You actually do not need to hack anything, as far as I have solved this problem in my SSMS Add-in SSMSBoost (.com) - you can download it and use for free. You simply define a list of your preferred connections in settings (see picture) and then this will be available as drop-down on toolbar, so even switching between servers takes only one click, as you you would switch between databases in native database-list drop down.

Now some pictures:

Settings Dialogue: enter image description here

If you look at other options you will also find "Important DB alert" - this one might be useful for you, as far as you switch between new and old DBs, test and real server during work on your project. You can configure Alert, that will be displayed as BIG Tooltip at specified position at the screen as far as you connect to "important" database, so you will notice that you are working on REAL or Test environment.

Next picture shows contents of toolbar drop-down, where you see your preferred connections listed above, and below all databases from current server (same list as in native databases list drop-down)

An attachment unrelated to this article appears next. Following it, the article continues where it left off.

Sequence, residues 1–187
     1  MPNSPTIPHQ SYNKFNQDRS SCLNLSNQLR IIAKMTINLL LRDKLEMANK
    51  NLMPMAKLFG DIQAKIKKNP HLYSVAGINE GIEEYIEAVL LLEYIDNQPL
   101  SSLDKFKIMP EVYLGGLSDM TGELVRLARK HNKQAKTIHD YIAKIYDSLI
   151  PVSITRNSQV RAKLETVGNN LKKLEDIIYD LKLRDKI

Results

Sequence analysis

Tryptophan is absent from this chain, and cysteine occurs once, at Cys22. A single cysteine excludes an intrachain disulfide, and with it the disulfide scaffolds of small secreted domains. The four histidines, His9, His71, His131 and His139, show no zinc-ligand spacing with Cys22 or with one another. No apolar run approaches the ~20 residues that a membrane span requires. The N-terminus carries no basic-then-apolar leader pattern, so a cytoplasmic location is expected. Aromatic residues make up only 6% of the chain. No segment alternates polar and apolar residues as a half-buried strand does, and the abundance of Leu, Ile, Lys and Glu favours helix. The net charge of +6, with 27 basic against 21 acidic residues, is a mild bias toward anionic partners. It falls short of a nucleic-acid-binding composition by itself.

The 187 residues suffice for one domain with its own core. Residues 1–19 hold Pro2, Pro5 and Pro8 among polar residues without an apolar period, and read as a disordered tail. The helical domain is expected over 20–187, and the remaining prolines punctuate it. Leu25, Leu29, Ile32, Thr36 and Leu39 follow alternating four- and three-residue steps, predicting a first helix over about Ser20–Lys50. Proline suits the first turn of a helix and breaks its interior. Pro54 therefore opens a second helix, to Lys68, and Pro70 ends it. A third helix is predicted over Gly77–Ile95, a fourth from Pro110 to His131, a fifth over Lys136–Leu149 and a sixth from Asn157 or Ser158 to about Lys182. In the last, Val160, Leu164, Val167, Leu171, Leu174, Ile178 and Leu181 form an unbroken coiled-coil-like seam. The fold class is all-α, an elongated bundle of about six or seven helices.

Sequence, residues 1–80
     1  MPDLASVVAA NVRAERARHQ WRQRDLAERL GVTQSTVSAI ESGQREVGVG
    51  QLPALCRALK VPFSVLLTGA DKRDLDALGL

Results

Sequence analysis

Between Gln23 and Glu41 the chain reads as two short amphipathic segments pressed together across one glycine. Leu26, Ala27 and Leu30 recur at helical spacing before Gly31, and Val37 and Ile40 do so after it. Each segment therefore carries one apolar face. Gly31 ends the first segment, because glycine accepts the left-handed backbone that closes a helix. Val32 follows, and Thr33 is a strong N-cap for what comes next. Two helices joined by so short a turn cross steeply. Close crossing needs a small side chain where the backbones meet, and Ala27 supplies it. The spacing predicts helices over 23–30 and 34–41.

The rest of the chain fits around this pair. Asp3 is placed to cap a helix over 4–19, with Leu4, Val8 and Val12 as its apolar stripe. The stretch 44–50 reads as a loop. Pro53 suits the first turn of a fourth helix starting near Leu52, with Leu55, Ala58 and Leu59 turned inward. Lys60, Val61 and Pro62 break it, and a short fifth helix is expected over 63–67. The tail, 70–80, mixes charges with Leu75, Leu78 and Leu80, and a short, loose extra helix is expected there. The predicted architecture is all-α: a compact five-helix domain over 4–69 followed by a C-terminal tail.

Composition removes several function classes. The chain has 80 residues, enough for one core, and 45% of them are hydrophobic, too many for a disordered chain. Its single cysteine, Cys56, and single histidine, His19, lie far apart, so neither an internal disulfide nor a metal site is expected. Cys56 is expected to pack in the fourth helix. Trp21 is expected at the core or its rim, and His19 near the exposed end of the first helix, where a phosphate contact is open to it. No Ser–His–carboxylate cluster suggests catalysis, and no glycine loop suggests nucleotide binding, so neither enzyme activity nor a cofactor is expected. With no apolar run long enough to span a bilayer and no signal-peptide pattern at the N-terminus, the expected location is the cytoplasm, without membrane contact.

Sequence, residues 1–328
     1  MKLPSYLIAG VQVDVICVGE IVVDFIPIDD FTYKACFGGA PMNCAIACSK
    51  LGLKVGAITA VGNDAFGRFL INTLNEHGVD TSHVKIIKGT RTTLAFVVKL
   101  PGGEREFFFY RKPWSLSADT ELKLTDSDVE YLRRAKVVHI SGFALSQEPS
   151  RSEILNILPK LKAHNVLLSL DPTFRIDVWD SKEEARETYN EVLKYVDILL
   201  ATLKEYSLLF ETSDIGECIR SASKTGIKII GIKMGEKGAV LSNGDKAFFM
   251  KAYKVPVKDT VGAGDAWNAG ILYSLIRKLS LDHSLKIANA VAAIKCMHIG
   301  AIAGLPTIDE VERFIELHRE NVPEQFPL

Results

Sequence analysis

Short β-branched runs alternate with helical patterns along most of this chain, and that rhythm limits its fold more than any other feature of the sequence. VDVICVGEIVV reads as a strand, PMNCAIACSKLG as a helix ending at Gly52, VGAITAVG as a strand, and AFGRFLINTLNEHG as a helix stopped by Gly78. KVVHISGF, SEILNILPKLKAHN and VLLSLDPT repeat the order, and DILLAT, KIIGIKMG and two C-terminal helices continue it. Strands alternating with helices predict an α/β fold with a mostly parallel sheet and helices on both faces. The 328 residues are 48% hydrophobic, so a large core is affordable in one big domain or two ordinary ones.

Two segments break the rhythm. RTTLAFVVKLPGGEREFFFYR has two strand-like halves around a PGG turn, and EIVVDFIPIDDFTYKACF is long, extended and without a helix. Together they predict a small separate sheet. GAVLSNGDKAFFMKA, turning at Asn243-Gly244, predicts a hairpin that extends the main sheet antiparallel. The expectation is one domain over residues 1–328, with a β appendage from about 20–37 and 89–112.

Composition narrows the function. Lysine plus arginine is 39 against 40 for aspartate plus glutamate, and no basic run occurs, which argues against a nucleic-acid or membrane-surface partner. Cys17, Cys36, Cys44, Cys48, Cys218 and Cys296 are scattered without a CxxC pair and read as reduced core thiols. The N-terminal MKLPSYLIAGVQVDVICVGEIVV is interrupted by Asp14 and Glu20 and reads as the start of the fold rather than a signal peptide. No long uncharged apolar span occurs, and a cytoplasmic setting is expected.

enter image description here

As far as I work permanently on improvements you are welcome to write me your proposals, so that we will make add-in even more better.

share|improve this answer
    
Thanks for following me on Twitter -- I only registered that account to lock up the name, though. That said, I'm in the process of setting up a blog which will have a dedicated Twitter account, and you can follow that if you'd like when it's released (I'll message you here with the details). Thanks. –  Jon Seigel Aug 8 '12 at 21:40
    
As promised, twitter.com/VoluntaryDBA –  Jon Seigel Aug 15 '12 at 2:06
add comment

You can't control this order unless you hack into SqlStudio.bin, or remove entries and re-add them in the order you want. Workarounds include:

Note that the order will get messed up as soon as you connect to a server that's not in the first position, since it really is an MRU list (where the most recent connection is listed first).

You can see more details in these SO questions:

And you can see the bug that I filed that initiated the ability to use the delete key:

And other bugs that have sprung up as a result:

share|improve this answer
1  
+1. I didn't know you could hit del with a mouse over in SSMS. That is worth it's weight in gold. –  Thomas Stringer Aug 3 '12 at 22:46
add comment

Your Answer

 
discard

By posting your answer, you agree to the privacy policy and terms of service.

Not the answer you're looking for? Browse other questions tagged or ask your own question.